>> does not mean it is a good choice for the annotation name. But as I said,
>> if you are convinced that one requires the other, this discussion is mute
>> anyway...
>> On 16.01.2018 01:56, Paul King wrote:
>> Explanations below.
>> On Tue, Jan 16, 2018 at 12:56 AM, MG <> wrote:
>>> Hi Paul,
>>> 1) for me, if you have to explain a name better, then it is already a
>>> bad name. Intuitively suggesting the correct interpretation to another
>>> developer, without requiring him to thoroughly read through the
>>> documentation, is the art of picking good names (which imho Groovy overall
>>> does a good job at).
>>> With regards to @KnownImmutable, "someone (the compiler or the
>>> developer) knows" is even more confusing. If it is in fact irrelevant who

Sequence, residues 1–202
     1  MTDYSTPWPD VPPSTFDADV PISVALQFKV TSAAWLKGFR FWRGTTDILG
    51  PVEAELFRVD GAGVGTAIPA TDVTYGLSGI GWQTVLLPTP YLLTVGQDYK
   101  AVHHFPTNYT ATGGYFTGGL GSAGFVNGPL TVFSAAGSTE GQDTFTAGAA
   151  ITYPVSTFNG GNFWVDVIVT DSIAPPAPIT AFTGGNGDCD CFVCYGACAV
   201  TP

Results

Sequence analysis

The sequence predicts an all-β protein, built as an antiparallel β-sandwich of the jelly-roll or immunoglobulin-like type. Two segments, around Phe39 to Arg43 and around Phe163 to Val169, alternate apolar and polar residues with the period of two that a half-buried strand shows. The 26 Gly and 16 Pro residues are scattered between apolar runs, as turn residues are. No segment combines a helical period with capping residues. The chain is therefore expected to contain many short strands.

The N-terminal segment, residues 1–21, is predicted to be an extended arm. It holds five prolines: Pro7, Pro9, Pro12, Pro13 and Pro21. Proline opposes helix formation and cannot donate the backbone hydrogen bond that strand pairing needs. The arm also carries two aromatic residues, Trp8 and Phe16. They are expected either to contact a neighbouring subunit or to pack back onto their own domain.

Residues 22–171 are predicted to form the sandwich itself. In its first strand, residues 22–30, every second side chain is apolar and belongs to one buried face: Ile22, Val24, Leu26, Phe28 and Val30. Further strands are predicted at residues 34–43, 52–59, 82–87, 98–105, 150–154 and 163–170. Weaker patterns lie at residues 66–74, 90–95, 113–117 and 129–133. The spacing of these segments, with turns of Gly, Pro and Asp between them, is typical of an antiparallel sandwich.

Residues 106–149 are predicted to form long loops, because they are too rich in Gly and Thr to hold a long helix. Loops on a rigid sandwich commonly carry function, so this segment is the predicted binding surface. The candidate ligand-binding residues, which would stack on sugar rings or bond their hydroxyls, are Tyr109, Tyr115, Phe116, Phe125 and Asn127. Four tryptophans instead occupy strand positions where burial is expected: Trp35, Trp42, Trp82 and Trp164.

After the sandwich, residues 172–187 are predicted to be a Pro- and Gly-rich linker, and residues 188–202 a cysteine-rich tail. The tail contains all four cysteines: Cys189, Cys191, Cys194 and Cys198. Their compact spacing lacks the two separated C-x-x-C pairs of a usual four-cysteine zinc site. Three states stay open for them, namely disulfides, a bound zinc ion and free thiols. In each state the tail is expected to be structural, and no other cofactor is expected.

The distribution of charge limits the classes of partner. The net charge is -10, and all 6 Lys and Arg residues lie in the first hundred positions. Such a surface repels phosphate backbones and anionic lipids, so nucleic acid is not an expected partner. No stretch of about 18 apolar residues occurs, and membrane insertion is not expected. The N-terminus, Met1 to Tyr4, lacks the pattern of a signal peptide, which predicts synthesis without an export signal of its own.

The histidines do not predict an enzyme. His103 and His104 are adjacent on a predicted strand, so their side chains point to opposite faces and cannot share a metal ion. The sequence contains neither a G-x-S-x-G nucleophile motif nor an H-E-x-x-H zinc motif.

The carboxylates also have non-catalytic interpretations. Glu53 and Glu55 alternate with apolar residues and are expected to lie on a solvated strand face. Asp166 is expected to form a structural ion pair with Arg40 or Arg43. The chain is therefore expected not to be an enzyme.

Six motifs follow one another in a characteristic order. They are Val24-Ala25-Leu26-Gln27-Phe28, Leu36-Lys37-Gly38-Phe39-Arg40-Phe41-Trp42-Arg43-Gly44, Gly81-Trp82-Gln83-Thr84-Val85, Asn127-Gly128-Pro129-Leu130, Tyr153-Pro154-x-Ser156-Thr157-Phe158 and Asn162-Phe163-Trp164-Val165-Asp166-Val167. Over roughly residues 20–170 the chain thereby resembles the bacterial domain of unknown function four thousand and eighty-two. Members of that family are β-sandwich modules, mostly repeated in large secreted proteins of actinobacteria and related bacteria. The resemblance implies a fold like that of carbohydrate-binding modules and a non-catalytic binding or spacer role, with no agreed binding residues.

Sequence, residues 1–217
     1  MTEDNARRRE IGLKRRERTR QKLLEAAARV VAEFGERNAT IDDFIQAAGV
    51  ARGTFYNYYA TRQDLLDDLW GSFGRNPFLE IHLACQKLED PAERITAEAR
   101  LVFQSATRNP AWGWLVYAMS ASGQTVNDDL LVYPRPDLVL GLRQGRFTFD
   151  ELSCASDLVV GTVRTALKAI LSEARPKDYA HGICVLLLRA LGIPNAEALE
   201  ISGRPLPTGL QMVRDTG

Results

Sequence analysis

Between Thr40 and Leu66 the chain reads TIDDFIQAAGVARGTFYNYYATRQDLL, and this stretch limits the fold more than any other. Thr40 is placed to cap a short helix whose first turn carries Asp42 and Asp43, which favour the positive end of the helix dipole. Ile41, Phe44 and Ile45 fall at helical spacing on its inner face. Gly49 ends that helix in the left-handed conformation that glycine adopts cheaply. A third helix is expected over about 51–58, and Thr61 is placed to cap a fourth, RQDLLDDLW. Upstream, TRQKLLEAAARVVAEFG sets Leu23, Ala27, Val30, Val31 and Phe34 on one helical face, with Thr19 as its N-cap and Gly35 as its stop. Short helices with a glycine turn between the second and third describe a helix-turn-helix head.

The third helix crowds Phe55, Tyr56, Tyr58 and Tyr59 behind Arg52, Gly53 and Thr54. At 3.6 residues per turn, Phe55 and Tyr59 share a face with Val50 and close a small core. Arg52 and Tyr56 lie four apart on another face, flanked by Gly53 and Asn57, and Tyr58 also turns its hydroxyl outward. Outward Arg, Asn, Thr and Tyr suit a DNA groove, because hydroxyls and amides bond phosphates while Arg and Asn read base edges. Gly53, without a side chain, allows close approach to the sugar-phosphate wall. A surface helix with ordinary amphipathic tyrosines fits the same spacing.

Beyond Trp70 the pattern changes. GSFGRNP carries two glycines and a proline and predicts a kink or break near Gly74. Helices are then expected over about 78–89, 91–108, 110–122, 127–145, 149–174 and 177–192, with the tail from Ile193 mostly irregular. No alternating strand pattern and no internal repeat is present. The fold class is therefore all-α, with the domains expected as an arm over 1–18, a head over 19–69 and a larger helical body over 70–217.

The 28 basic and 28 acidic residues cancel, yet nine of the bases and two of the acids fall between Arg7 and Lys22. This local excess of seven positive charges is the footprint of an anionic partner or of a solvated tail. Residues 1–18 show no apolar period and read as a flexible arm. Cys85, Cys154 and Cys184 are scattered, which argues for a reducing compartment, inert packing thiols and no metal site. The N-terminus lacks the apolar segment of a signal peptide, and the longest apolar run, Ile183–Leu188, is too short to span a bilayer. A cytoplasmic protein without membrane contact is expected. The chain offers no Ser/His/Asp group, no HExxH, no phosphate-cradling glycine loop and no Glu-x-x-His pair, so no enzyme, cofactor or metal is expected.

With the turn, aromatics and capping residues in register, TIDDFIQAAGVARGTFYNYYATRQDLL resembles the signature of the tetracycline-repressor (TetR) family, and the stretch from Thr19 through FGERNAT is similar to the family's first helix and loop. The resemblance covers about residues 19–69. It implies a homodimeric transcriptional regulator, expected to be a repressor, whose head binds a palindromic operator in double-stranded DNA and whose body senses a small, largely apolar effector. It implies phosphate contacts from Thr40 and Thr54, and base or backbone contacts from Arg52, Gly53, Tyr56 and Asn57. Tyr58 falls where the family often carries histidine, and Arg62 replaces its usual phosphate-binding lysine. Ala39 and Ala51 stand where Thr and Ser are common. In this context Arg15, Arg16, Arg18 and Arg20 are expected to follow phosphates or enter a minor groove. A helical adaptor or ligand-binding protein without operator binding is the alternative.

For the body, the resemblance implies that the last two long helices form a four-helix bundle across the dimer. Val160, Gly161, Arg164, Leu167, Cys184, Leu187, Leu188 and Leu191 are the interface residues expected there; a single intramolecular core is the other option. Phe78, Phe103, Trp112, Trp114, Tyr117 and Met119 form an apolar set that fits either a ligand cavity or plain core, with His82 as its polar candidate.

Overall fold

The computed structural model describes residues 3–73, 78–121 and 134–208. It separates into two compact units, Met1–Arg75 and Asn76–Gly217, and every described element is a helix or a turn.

>>> knows it, why is there a "Known" in the name in the first place ? And why
>>> is therefore e.g. @IsImmutable not a better name (it could also carry a
>>> parameter which can be true or false, with false allowing a developer to
>>> express that a class is definitely not immutable (even if it might look
>>> that way on first glance; e.g. effectively blocking or issuing a warning in
>>> certain parallel execution scenarios)).
>> We have since the introduction of @Immutable used the knownImmutable and
>> knownImmutableClasses annotation attributes and people seem to grok what
>> they mean. This is a very similar use case. I think it would be hard to
>> justify renaming @KnownImmutable without renaming the annotation attributes
>> as well.
>>> 2) There seems to be a contradiction in your statements: You say that
>>> "Once @ImmutableBase (or whatever name) processing has finished its checks,